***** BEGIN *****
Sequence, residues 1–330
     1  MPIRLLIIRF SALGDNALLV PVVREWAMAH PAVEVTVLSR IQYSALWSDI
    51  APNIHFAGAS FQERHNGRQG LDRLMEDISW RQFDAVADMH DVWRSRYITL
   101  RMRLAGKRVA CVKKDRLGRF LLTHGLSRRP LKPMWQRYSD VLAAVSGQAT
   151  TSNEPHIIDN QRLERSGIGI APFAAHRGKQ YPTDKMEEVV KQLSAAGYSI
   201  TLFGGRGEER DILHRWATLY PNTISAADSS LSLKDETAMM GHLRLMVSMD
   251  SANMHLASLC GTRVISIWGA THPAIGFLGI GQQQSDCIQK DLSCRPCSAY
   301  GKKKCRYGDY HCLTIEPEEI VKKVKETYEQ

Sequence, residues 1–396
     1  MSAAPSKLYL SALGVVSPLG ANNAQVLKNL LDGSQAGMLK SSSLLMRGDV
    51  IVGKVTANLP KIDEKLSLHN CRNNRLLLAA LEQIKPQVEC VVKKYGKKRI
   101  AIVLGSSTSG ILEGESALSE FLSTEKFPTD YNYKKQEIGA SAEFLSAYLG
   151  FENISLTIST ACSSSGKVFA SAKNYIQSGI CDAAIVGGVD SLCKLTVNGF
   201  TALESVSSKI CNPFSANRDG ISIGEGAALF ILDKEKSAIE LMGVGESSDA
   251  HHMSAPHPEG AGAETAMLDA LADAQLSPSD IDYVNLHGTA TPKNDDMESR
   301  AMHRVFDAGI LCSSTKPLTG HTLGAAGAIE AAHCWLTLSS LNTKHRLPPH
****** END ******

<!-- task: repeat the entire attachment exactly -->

Sequence, residues 1–330
     1  MPIRLLIIRF SALGDNALLV PVVREWAMAH PAVEVTVLSR IQYSALWSDI
    51  APNIHFAGAS FQERHNGRQG LDRLMEDISW RQFDAVADMH DVWRSRYITL
   101  RMRLAGKRVA CVKKDRLGRF LLTHGLSRRP LKPMWQRYSD VLAAVSGQAT
   151  TSNEPHIIDN QRLERSGIGI APFAAHRGKQ YPTDKMEEVV KQLSAAGYSI
   201  TLFGGRGEER DILHRWATLY PNTISAADSS LSLKDETAMM GHLRLMVSMD
   251  SANMHLASLC GTRVISIWGA THPAIGFLGI GQQQSDCIQK DLSCRPCSAY
   301  GKKKCRYGDY HCLTIEPEEI VKKVKETYEQ

Sequence, residues 1–396
     1  MSAAPSKLYL SALGVVSPLG ANNAQVLKNL LDGSQAGMLK SSSLLMRGDV
    51  IVGKVTANLP KIDEKLSLHN CRNNRLLLAA LEQIKPQVEC VVKKYGKKRI
   101  AIVLGSSTSG ILEGESALSE FLSTEKFPTD YNYKKQEIGA SAEFLSAYLG
   151  FENISLTIST ACSSSGKVFA SAKNYIQSGI CDAAIVGGVD SLCKLTVNGF
   201  TALESVSSKI CNPFSANRDG ISIGEGAALF ILDKEKSAIE LMGVGESSDA
   251  HHMSAPHPEG AGAETAMLDA LADAQLSPSD IDYVNLHGTA TPKNDDMESR
   301  AMHRVFDAGI LCSSTKPLTG HTLGAAGAIE AAHCWLTLSS LNTKHRLPPH